• 1 can (15oz) organic pumpkin (not pie mix!)
  • 1 can (15oz) organic pureed butternut squash or 1 can (15oz) organic pureed sweet potato
  • 2 cups organic arborio rice
  • 2 cups organic brown basmati rice
  • 1 cup organic certified gluten free oats or quiona, or teff, or bulgar
  • 1 cup organic olive oil
  • 1/4 cup extra virgin organic coconut oil
  • 2 tablespoons organic honey
  • 1 tablespoon cinnamon
  • 1/2 cup chopped organic parsley
  • 1 container Imagine Organic low sodium chicken broth (4 cups)
  • filtered water


If you make this entire recipe, you will need a 32 cup casserole dish, preferably with a lid. I use a cast iron enameled pot with a lid.

Spray the pan generously with an organic cooking spray (I use an olive oil based spray).

Add the grains, cinnamon, canned items, honey and oil and stir. Mix in the ground meat and stir again. Mix in each frozen vegetable and the parsley. Make sure everything is totally mixed together and add in the the chicken broth. Stir one more time - yes, your arm is getting a good workout! Now add the filtered water to fill the dish just barely covering the food. You should have added about 4-8 more cups of water.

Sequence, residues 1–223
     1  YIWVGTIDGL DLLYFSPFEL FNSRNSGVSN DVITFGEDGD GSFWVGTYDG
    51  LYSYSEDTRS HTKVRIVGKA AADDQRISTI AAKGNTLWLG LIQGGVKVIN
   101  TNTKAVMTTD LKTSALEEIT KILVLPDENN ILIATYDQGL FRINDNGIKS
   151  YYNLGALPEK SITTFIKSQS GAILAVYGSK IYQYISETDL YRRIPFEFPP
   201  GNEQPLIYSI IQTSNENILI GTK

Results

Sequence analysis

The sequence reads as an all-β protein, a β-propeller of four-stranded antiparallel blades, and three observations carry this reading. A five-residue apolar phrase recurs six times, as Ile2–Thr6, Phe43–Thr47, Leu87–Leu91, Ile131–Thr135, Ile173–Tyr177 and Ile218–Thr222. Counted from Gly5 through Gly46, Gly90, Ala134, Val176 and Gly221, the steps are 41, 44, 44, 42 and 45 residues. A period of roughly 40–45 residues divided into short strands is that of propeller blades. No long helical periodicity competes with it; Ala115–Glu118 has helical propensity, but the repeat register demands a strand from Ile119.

Cover tightly and place in a 325 oven. If you make the full recipe, check it at 2 hours and stir gently. Cover again and remove the casserole after 3 hours or so.

You will know it is done because the edges will be slightly brown and it will look like a meatloaf. The grains and vegetables should be very mushy. Dogs can only absorb the nutrients from well cooked vegetables and grains so overcooking is the way to go.

Let it cool slightly and then scoop into containers that you are able to place in the freezer. We use Ziploc storage containers that easily hold 715g each. Freeze the containers and thaw for a day or so in the refrigerator before using.

Dogs prefer the food slightly warm. We heat it in the microwave for about 30 seconds after measuring out their meals. This recipe feed Lulu and Phoebe for about 17 days.

Never cook the supplements with the food. It can destroy any value they have. You have to add them in at serving time. This is the only part that is annoying, but it takes such little effort, believe me! The hard work is finding the right supplements and since we've done that for you - this should be easy!

They need an omega-3, a human grade multivitamin, and calcium. One of the easiest to absorb sources for calcium is bone meal. The human grade vitamin should be without iron and not have more than 100% of an RDA. The Omega-3 should be a deep sea fish oil and not cod liver. Some dogs have sensitivities to cod liver oil so avoid that source.

  • Calcium - NOW brand 100% pure bone meal powder, 454g container
  • Vitamin - Whole Foods 365 Brand Adult Multi one a day, iron free formula